The idea of being low-profile in my kind of work means that I am constantly changing my equipment. Its an ever-evolving process to go leaner, and more greyman. The idea of greyman is not new. Greyman is essentially the art of blending in to the environment whilst remaining tactically sound. In fact, one of the biggest barriers we former soldiers and current contractors face is how to stop being a "Show of Force" kind  of guy. Being a greyman will help you avoid hassle at the airport, or worse, being shot in the face by bad guys. You also don't want to look like you came out of an REI or MEC catalogue. That's another way that saavy badguys can determine your worth. "F*ck he's American, let's kidnap and ransom him..." You don't want to be "that guy." You do want to be like everybody and nobody at the same time (caveat being, if your mission/role is to be a Show of Force faceshooter, then bring on that escalating violence of action bitches!!!).

I totally understand that the tactical stuff is super comfy and it gives an air of presence; however when working in a country where there are active terrorist cells, the more lo-pro, the better. On the other end of the scale, one shouldn't wear red shoes when outside the wire (even if you have faceshoooters with akm's guarding your ass). That's just umm.....hipster. BAD does have a colleague who is of the hipster persuasion (not everybody is perfect).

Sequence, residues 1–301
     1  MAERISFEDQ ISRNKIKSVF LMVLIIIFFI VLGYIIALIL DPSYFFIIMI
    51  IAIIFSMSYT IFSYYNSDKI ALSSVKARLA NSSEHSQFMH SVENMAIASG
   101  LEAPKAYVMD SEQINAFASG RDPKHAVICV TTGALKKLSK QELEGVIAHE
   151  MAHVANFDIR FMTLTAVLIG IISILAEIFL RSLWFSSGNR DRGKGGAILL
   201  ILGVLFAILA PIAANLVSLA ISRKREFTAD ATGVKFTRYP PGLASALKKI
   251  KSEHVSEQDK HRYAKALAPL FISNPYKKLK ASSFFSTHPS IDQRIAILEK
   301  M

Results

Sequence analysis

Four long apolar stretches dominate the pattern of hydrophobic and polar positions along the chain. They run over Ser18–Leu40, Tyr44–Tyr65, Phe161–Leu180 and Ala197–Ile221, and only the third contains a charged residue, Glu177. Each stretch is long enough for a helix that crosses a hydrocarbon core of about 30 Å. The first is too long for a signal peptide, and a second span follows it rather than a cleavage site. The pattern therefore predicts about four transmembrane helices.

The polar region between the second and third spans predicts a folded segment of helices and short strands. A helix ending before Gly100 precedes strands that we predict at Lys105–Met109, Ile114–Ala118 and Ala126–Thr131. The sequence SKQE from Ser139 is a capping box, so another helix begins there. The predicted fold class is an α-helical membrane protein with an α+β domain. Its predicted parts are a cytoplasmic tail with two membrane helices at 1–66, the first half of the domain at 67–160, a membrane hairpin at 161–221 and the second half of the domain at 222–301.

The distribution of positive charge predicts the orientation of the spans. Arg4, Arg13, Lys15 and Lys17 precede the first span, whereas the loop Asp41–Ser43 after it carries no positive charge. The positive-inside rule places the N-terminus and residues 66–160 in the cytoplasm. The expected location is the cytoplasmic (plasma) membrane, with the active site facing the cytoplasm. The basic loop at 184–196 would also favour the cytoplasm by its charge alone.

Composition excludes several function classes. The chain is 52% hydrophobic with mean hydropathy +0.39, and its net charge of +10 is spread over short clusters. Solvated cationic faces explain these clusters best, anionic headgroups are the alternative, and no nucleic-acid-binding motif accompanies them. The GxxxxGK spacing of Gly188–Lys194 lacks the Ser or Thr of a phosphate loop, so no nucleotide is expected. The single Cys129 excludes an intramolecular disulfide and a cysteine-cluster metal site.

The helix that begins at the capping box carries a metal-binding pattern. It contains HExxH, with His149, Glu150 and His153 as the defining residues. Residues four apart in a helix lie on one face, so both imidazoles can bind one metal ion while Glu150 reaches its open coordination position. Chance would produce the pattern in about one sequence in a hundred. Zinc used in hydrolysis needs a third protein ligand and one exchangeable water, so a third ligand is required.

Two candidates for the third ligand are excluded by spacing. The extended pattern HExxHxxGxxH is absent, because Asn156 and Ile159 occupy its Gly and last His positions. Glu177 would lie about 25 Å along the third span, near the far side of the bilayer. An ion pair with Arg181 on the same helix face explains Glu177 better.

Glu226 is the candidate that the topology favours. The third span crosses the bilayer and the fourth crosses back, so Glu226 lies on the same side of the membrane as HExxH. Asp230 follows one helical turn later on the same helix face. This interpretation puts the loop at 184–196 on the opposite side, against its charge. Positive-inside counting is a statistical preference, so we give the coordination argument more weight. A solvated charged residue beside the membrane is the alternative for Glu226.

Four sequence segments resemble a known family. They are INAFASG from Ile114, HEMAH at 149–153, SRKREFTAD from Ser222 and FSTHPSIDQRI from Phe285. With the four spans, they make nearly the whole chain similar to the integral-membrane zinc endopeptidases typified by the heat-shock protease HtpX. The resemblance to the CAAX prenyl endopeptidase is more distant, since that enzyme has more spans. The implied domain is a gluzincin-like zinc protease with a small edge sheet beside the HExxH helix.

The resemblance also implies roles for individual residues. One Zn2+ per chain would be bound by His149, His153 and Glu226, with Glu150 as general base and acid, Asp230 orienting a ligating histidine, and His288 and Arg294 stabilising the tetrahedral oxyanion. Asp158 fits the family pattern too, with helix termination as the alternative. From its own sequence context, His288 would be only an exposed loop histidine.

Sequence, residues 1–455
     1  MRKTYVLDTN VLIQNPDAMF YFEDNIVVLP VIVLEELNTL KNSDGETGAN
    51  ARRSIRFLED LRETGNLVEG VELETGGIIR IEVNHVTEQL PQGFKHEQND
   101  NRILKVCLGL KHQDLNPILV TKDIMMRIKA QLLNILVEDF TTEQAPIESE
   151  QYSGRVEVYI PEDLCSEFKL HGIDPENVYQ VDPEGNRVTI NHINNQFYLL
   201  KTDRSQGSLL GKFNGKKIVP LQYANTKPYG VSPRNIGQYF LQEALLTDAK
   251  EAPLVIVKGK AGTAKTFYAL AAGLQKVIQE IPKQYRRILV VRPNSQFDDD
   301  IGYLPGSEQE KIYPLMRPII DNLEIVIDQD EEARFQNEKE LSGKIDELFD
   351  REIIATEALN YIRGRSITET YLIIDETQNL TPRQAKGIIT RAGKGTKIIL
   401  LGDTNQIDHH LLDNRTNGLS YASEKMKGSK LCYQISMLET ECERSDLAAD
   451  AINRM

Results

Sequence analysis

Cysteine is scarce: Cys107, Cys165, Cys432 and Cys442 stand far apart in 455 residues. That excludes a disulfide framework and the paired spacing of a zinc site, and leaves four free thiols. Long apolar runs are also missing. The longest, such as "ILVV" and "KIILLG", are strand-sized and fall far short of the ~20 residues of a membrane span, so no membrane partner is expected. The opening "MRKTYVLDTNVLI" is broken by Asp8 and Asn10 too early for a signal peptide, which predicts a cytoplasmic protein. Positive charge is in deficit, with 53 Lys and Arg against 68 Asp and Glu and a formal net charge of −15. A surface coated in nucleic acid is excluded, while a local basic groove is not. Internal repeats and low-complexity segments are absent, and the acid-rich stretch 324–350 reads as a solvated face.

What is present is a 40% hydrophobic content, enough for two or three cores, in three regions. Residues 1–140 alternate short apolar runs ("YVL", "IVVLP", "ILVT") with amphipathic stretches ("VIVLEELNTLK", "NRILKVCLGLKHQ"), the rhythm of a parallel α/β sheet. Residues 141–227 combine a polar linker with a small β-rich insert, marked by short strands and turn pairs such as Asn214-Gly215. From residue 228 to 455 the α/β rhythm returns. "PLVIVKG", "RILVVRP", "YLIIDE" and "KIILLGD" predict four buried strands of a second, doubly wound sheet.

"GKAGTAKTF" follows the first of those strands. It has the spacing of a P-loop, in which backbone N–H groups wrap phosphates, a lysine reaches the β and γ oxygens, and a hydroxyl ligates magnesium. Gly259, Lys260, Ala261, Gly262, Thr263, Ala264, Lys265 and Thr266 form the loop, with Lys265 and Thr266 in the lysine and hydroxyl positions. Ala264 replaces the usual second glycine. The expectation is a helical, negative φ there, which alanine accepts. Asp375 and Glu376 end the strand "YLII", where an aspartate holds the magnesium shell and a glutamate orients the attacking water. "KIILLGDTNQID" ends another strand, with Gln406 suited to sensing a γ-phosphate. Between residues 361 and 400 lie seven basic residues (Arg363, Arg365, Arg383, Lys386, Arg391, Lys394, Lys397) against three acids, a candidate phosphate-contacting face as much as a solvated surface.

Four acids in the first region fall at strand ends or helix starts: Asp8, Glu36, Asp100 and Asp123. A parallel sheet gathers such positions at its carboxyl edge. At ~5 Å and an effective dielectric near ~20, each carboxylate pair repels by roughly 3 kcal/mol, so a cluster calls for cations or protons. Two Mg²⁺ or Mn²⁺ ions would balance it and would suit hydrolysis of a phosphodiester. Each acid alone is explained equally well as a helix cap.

Hipster colleague does know how to tone down the hipsterness for work, in fact he's sort of bad ass. Hipster has been in W Africa for more years then he cares to remember. And because of this BAD can forgive his red shoes, and perfectly coiffed hair. 

So for now, BAD will be signing off until touchdown domestic side. I don't know what I'll do first, but I do know that near the top of the list will be eating, sleeping, spending copious amounts of money on things I don't need, and being with BAF. After a bit of rest, I will continue to review BAD gear that simply works for our BAF.

Word out!


  1. Great summary of the greyman principle. It even pays to practice that philosophy in a less overtly hostile environment. Keep up the great posts.

  2. Hi badass dad!

    I’ve been following your blog for a while now and have a few questions I was hoping you could answer:

    1. What kind of a wallet does a badass dad use? I’ve never seen yours!

    2. Is conspicuously (but incongruously) carrying Chopin sheet music around the office / shuttle bus / restaurant badass? Cause I’ve seen this guy from Vancouver Island (which is apparently the epicenter of badassery) doing that.

    3. What kind of scuba equipment would you recommend for aquatic exploration with bad ass daughter?

    4. Do you know if they sell any of your recommended equipment in either Greenwich Village or Le Marais?


    -Port Harcourt Hipster (PHH)



Full Disclosure: Unless noted, Bad Ass Dad has not been compensated in any means to review this gear. It is all his own, procured through pro-channels, retail, or issuance.